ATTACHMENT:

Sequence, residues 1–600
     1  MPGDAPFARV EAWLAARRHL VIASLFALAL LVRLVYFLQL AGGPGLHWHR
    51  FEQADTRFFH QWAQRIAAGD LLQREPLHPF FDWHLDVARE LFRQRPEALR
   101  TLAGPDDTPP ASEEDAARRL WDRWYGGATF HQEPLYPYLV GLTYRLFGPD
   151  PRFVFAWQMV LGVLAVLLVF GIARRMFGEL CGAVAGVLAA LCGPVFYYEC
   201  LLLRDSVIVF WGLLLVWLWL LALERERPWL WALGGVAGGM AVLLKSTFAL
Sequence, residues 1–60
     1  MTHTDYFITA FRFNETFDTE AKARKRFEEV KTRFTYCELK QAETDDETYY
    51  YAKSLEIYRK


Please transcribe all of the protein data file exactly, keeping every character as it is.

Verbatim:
Sequence, residues 1–600
     1  MPGDAPFARV EAWLAARRHL VIASLFALAL LVRLVYFLQL AGGPGLHWHR
    51  FEQADTRFFH QWAQRIAAGD LLQREPLHPF FDWHLDVARE LFRQRPEALR
   101  TLAGPDDTPP ASEEDAARRL WDRWYGGATF HQEPLYPYLV GLTYRLFGPD
   151  PRFVFAWQMV LGVLAVLLVF GIARRMFGEL CGAVAGVLAA LCGPVFYYEC
   201  LLLRDSVIVF WGLLLVWLWL LALERERPWL WALGGVAGGM AVLLKSTFAL
Sequence, residues 1–60
     1  MTHTDYFITA FRFNETFDTE AKARKRFEEV KTRFTYCELK QAETDDETYY
    51  YAKSLEIYRK